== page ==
The wedding was between Vega Gupta, daughter of the brothers’ sister Achla, to Aakash Jahajgarhia, 24, a Delhi businessman.
The 200 guests, in a convoy of luxury vehicles, were given a police escort to the Sun City holiday resort in Rustenburg in the North West province.
For McKinsey, a report from the leaked Gupta email says the company was hired by Eskom for R1billion to improve efficiencies and cut wasteful expenditure.
Instead, McKinsey struck with Trillian Capital Partners -the company majority-owned by Gupta associate Salim Essa- and mocked Eskom’s problems by handing at least R266million of Eskom’s money to a company that in the words of McKinsey’s own executives’ was merely there to receive 30percent of the contract “in return for not much work”.
The Gupta family deals with these companies indicate just how much the family’s powers touch across the world.
Not only is the family making strong business and making much gains in return, Guptas are making themselves comfortable in every way possible. The family is said to be building a Hindu temple at a cost of R200m in India.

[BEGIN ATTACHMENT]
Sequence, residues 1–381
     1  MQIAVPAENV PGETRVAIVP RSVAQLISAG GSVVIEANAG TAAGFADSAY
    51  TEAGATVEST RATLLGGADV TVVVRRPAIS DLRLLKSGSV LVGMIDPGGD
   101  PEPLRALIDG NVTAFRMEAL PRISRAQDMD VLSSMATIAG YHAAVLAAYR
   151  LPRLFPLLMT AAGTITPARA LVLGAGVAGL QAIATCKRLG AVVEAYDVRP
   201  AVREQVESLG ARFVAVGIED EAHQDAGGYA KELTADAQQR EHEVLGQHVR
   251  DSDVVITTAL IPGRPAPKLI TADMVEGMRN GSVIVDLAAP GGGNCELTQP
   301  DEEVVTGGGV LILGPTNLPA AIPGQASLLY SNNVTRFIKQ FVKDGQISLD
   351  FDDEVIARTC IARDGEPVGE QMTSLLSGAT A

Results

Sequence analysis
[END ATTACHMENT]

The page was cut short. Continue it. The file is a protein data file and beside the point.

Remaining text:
The Gupta family bought a home in Dubai’s Emirates Hills worth 110 million dirhams (R448 million). It was, at the time, the most expensive house in the United Arab Emirates (UAE).
This residence, situated in “Dubai’s most expensive postcode” is decorated in marble and gold, and with 10 bedrooms, 13 bathrooms, 9 reception rooms, a double grand staircase, hand-painted dome, space for 11 cars, and chandeliers in virtually every room, the house is extravagant even by Dubai’s standards.
The family was at a time accused of wielding enormous political influence in South Africa, with critics alleging that it has captured the state police and the military who now enormously guard their empire.
The Gupta -Zuma Relationship Equals The Zuptas
• Bongi Ngema-Zuma, one of the president’s wives, used to work for the Gupta-controlled JIC Mining Services as a communications officer
• Duduzile Zuma, his daughter, was a director at Sahara Computers
• Duduzane Zuma, a son, was a director of some Gupta-owned companies but stepped down earlier this year following the public pressure
The truth is, the Gupta family may decide to sell off all their shares in strings of businesses in South Africa, including Sahara Computers, as they earlier announced, financial firms in South Africa may as well choose to withdraw from offering services to the wealthy family, but the family’s influence in major political and world companies is still fast spreading. Their financial taps still run!